If you've been divorced, statistics say it's more likely you'll divorce again
If your ex filed for divorce first, left you or neglected you sexually or romantically, you may feel rejected and unattractive, and you may marry the first person who makes you feel the spark or lavishes you with compliments.
In addition, second and third marriages often involve the challenges of dealing with stepchildren and/or difficult ex-es. If those challenges aren’t anticipated and addressed, a remarriage can be shaky from Day One.
The good news is that divorce statistics---sobering as they may be---are only evidence of what has happened in other people’s marriages.
They don’t predict how your marriage will turn out. If you or your future spouse are getting married for the second, third, or even the fourth time, you can “beat the odds” if you’re well-matched, emotionally mature, and truly understand what went wrong in the past---including accepting responsibility for your own mistakes or wrongdoing.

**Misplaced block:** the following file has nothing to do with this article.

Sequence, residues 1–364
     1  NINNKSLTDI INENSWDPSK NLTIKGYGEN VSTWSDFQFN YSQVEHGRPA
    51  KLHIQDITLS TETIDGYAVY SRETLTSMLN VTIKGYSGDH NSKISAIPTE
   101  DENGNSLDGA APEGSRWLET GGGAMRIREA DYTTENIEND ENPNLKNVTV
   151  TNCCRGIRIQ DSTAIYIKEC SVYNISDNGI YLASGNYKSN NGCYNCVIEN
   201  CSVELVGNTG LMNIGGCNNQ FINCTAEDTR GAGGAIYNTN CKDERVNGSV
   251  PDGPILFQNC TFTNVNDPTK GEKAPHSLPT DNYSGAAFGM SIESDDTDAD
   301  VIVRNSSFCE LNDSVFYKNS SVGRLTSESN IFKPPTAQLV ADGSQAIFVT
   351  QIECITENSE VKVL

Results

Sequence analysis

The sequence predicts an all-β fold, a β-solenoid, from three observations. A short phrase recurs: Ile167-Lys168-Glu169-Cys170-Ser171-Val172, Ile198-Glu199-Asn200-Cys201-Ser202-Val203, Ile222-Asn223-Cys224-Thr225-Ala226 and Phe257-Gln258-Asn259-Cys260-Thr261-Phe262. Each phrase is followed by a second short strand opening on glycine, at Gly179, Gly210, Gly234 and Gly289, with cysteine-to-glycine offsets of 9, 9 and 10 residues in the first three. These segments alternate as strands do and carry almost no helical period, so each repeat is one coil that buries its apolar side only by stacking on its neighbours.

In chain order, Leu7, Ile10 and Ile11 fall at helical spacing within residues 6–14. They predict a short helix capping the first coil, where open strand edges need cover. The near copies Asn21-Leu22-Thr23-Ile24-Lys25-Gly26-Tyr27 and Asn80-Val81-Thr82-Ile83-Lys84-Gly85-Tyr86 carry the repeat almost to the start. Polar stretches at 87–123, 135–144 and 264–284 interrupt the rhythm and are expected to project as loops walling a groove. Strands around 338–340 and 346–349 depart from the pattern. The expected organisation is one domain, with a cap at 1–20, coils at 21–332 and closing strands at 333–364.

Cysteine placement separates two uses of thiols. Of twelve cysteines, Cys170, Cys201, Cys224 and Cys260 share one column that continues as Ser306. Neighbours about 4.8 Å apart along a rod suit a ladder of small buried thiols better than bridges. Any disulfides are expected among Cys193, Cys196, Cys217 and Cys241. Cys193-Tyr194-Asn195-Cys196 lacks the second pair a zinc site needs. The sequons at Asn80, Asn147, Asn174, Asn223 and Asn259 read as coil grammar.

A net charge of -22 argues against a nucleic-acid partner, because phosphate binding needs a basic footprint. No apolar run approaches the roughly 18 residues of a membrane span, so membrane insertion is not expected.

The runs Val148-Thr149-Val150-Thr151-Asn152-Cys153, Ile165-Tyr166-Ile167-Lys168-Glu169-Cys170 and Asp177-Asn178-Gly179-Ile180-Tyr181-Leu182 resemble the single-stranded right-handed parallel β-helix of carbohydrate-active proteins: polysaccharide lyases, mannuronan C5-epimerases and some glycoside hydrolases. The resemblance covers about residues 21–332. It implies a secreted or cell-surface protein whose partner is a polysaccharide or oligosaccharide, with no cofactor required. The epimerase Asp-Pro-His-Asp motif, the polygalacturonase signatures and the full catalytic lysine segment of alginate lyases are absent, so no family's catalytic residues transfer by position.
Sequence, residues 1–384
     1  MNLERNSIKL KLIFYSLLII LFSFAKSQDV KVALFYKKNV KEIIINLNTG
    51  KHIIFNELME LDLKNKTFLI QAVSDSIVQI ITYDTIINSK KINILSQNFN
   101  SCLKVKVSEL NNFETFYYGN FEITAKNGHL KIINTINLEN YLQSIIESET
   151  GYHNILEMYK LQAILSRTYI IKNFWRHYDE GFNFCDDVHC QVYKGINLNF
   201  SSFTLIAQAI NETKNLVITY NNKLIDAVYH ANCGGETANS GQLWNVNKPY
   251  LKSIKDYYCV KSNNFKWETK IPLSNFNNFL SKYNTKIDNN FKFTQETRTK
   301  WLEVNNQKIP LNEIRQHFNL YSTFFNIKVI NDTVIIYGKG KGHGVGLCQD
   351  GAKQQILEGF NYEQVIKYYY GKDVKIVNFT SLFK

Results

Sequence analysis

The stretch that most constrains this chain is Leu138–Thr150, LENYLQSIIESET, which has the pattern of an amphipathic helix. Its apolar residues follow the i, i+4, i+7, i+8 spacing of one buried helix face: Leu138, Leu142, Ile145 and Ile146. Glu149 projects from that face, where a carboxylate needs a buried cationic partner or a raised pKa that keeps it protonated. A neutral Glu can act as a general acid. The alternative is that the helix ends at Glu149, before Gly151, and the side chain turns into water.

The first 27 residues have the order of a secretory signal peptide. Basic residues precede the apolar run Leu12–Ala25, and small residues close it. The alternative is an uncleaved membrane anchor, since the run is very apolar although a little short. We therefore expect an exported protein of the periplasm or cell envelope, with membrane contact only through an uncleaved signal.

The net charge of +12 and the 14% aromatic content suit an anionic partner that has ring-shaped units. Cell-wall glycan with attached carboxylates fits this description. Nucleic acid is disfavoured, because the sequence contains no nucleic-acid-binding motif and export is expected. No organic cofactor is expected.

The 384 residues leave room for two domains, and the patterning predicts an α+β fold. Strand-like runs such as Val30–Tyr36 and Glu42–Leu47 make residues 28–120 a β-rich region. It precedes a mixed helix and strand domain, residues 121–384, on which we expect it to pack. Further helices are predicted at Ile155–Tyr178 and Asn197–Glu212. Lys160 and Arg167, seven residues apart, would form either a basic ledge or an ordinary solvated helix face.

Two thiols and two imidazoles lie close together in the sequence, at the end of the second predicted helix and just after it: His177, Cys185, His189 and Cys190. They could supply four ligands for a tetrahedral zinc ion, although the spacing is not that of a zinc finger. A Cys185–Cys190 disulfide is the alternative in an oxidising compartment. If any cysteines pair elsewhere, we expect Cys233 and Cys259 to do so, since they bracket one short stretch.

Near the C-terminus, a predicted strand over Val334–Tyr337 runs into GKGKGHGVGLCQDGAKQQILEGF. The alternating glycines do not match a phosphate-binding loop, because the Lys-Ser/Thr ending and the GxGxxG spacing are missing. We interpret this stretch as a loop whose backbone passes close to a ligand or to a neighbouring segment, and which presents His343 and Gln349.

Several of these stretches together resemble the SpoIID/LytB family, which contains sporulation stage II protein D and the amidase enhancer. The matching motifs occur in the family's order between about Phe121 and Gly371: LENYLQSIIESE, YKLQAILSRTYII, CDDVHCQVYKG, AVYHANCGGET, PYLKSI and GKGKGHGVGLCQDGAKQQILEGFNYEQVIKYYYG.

But if you recognize yourself or your partner in at least one of the scenarios I listed, you should temporarily hold off on getting remarried. You may need to do more soul-searching. You may need to have frank discussions with your partner, and ask him or her some tough questions. You may even need to seek outside help from a therapist or other professional. But all of this will be worth it if you can enter into your new marriage knowing that you’ve done everything in your power to ensure that you’re not setting yourself up for another divorce.
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Jim Duzak, the “Attorney at Love”, is author of Mid-Life Divorce and the Rebirth of Commitment (Cold Tree Press, 2007) and has spent his entire adult life dealing with issues of marriage, divorce, single-parenting, post-divorce dating, and remarriage.